Heart: family and friends

I'd have a hard time explaining who I am without being able to talk about the family I grew up in as well as the people I've met beyond its bounds. But even with such context, it's not easy! In the simplest terms, I'm a first-generation Asian-American who has spent most of this life caught between cultures. That, of course, doesn't even begin to describe what I mean to, but there's my first stab at the heart of it all.

That's what this group of posts is reserved for -- heart. The essential parts of my life whose influences I carry with me, for better or worse. The links below cover what I've written as I've learned how these forces work within me, for me, against me, in spite of me. They anchor me even as they change me, and they keep life interesting.

Recommended reading

What do I do when there's too much on my mind and my words won't stick to the page? I escape into someone else's thoughts. Below is a collection of books and articles that have been sources of information, inspiration, and occasional insight for my own work.

Wednesday, December 9, 2009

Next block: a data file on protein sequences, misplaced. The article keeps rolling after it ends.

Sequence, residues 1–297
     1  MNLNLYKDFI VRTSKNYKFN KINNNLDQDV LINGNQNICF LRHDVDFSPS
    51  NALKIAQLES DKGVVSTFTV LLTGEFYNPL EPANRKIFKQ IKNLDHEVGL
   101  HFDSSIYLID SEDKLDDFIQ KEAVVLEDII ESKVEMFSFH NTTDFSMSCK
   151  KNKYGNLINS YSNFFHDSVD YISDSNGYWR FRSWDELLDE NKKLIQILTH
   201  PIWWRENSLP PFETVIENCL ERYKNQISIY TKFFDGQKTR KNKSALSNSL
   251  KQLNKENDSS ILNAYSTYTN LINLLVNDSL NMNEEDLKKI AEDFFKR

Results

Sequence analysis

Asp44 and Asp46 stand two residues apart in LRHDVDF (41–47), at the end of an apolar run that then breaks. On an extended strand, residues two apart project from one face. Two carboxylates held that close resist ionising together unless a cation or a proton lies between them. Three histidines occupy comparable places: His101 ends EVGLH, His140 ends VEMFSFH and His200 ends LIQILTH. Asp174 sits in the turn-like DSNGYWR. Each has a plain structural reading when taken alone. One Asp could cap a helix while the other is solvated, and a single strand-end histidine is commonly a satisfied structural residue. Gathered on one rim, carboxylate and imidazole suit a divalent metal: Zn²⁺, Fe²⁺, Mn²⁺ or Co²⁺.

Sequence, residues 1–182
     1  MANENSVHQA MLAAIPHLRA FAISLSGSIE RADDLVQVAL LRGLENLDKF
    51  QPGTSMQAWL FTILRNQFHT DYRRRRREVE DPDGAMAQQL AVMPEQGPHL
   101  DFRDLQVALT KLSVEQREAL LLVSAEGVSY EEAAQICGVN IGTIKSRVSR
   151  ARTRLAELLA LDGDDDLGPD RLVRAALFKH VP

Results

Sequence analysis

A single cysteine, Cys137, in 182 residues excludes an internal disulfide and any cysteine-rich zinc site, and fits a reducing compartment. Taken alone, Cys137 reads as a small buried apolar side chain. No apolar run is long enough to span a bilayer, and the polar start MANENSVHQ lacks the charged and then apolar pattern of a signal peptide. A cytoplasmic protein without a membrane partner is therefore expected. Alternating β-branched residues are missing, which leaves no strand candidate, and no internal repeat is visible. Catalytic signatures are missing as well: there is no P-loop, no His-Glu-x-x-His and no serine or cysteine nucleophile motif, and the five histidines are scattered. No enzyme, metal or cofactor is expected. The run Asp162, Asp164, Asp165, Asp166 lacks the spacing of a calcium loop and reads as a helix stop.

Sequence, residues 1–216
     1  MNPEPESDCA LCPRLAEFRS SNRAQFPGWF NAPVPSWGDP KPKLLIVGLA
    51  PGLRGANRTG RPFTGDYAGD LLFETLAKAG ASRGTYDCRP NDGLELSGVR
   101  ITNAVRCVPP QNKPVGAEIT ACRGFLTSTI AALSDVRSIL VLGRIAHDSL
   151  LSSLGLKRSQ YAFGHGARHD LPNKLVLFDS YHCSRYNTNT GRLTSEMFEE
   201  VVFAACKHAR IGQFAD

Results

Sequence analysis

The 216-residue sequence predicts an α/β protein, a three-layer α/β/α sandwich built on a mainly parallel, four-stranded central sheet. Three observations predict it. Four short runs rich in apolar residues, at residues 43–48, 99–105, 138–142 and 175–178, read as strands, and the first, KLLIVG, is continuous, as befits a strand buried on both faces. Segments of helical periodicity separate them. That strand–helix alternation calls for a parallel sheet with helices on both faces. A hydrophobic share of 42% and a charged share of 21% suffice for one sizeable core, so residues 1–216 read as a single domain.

The things we do for love

So I'm stuck on the couch with a kitty in my arms. Doesn't sound too bad, right? It's not. Except the kitty is hell-bent on gagging up her antibiotics, and the only way to prevent it is to wrap her up burrito-style in a blanket and hold her upright until the urge to urp passes. With Simone, it takes about an hour.

Simone came to us with an upper respiratory infection (we asked for a foster who needed a place to recuperate -- it's a big help to the shelter since they only have so much isolation room to prevent the spread of germs). This is her second round of antibiotics, and we're hoping it works this time. It probably didn't help that we hadn't figured out how to help Simone keep her meds in her tummy for the first week's course, but she's definitely more adept at rejecting them than our last foster was.

While I've been sitting here, I've been thinking about these last few months since my return from Little U. on the Prairie. As much as life has vastly improved for me and D now that we're no longer doing the long-distance marriage thing, it's been an adjustment for both of us. I don't mean the little habits we each have that we have to accommodate now that we share the same physical space all the time. Those are pretty easy, and even welcome. I'm talking about the aftermath itself of having been put through the two-year emotional wringer of living in separate places, resenting the situation, and having to suppress a lot of those unhappy feelings in order to keep the marriage intact.

Bad things happen when you stuff your feelings into a dark hole and hope they never surface again.